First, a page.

New winners and losers in business

W.HICHCompany Who emerged as the winner from the last three years of turmoil? The spring of 2020 began perhaps the most extraordinary period for business as lockdowns brought some production to a halt. A deep but brief recession was followed by a desperate recovery. Then came inflation. The global economy, already stuck in a fast cycle, is now experiencing the fastest interest rate rise since the 1980s. Bank Morgan Stanley’s Graham Secker argues that the policy response to covid-19 has shocked the economy and pulled it out of secular stagnation (the low growth, low inflation malaise that preceded the pandemic), new era.

It should come as no surprise that the business environment has changed dramatically. To examine this, we looked at which American industries and companies have performed best over the past three years, based on stock market performance. The headline is a dramatic reversal of market leadership.of digital rabbit Stepped into the turtle of the old economy.big tech is I won’t run away anymore with race. Companies that were once ridiculed as outdated and stagnant suddenly seem to come alive again.

We chose 01/01/2020 as the starting date for the analysis. Since then, S.&P. The 500 index of major US stocks rose 25%. The best performing industrial sector is energy, followed by information technology (that). Health care is doing well, as expected during a public health crisis. S.&P. 500 is Moderna, a major vaccine maker whose stock is up more than 800%.

Industrial companies are keeping pace with the index, as are consumer staples. Firms that service the discretionary portion of consumer spending and are impacted by inflation are lagging behind. The worst performing sectors are real estate, banking and telecom services (see Figure 1). At the bottom of the performance league are cruise line companies such as Carnival, whose debt has skyrocketed and their stocks are anchoring to the bottom of the ocean.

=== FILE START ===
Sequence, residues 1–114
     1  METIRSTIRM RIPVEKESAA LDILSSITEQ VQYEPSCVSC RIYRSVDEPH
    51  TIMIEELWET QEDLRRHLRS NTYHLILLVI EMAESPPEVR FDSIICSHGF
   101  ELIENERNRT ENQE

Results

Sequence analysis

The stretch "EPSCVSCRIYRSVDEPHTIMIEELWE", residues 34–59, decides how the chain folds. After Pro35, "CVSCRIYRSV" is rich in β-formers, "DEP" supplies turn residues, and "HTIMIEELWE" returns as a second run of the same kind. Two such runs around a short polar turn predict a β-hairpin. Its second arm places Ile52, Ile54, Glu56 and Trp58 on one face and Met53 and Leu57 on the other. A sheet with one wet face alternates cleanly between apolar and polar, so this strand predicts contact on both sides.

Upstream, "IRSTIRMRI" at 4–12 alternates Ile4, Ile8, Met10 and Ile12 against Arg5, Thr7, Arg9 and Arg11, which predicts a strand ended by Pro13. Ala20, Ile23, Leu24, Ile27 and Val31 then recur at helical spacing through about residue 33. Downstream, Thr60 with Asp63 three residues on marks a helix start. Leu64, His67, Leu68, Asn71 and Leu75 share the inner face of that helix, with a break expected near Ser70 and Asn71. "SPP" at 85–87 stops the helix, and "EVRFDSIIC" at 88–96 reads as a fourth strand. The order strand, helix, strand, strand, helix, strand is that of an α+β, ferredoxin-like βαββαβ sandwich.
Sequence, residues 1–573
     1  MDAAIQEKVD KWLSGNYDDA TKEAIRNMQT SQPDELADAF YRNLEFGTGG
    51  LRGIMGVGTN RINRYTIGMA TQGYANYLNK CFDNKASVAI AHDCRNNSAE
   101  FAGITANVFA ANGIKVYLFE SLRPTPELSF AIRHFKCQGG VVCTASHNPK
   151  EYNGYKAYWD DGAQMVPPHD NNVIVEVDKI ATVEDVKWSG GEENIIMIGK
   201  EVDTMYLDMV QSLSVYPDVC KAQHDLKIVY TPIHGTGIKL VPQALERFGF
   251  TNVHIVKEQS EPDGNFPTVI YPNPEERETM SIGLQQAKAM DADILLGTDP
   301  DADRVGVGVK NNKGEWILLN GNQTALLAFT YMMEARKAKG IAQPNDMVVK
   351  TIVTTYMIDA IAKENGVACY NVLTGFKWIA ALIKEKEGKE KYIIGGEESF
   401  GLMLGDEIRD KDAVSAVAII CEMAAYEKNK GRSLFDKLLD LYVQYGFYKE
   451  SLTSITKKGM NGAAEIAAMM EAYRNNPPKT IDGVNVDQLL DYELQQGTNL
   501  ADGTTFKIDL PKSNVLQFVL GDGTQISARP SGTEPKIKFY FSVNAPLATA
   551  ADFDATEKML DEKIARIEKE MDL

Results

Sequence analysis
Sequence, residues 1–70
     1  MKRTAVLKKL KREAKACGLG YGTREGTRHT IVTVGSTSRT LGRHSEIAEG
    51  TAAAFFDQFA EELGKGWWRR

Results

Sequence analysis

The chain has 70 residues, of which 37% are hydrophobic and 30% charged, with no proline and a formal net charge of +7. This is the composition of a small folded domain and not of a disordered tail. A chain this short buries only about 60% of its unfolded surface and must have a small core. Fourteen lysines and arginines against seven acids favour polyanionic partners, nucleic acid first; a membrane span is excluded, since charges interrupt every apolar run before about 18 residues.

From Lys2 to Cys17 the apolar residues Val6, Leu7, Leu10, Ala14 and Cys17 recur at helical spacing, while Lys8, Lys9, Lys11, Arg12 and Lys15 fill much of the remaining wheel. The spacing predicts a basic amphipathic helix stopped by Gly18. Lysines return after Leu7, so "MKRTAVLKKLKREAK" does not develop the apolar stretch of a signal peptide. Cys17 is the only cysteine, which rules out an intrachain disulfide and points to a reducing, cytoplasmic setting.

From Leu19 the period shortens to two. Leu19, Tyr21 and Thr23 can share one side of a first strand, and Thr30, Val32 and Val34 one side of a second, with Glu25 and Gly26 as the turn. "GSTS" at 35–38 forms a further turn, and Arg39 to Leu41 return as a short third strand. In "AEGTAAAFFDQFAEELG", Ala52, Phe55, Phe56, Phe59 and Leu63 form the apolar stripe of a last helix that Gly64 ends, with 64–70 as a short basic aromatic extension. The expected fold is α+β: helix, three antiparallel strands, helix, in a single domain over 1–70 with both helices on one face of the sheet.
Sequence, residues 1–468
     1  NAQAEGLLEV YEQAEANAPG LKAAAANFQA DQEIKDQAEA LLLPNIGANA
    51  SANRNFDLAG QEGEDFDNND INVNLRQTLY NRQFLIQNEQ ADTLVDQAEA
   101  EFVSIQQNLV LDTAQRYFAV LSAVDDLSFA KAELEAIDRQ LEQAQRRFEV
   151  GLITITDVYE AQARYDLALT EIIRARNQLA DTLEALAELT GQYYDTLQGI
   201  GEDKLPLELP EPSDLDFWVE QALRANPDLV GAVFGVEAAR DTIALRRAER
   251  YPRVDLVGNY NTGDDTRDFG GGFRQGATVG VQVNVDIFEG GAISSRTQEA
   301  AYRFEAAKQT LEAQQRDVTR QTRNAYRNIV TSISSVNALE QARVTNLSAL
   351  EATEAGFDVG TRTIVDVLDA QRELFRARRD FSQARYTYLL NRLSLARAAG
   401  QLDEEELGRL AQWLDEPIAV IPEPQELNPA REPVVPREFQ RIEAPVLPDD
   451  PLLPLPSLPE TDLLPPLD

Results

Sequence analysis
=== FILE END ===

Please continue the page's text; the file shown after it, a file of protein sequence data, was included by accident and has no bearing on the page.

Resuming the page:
Measuring performance in stock prices has its drawbacks. It’s hard not to see the rollercoaster ride of Tesla’s stock (up 556%) without considering the impact of changing investor fads and risk appetite. But over time, business success is built into the market price. It also helps us understand how investor perceptions have changed over time. To capture this, he divided the period into three phases. Stay home period, reopening period, and now inflation period.

The hallmark investments of the pre-pandemic era of secular stagnation were companies with low assets. Primarily software companies that benefit from network effects, but also include branded goods companies. Firms based on ideas and information were preferred over those relying on physical capital. The deal was to buy ‘bits’ and sell ‘atoms’.

The first part of the pandemic amplified these trends. The stay-at-home phase lasted until November 8, 2020, the day before test results for the Pfizer vaccine were announced. The big winners were Technology, Consumer Discretionary (Amazon up 79%) and Communications Services (Netflix up 59%). The losers were real estate, banking and energy. There is a bit of a mystery to this. People were stuck indoors, relying on software and shipping. The office was barely occupied. There was very little car or air travel (bad for the oil companies). Banks were also hit by falling interest rates and fear of default.

The next phase of the reopening saw a shift in leadership. Energy was the biggest winner, followed by finance (fueled by optimism and rising asset prices), technology and real estate. Inflation emerged as a theme, but at that stage it was seen as a sign of growth and not yet a threat to it.